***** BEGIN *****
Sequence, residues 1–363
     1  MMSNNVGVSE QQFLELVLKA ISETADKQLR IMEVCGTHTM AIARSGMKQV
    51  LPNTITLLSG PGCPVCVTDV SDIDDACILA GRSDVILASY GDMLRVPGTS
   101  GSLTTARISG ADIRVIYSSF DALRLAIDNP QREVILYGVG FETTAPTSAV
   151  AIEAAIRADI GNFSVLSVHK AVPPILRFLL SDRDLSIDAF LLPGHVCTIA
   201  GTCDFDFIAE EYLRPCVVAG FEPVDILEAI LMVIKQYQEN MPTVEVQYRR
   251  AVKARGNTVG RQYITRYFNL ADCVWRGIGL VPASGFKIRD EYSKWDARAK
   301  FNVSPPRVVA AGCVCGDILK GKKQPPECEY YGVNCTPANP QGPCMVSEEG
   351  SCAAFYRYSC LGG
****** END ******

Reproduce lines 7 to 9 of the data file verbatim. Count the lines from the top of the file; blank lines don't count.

   251  AVKARGNTVG RQYITRYFNL ADCVWRGIGL VPASGFKIRD EYSKWDARAK
   301  FNVSPPRVVA AGCVCGDILK GKKQPPECEY YGVNCTPANP QGPCMVSEEG
   351  SCAAFYRYSC LGG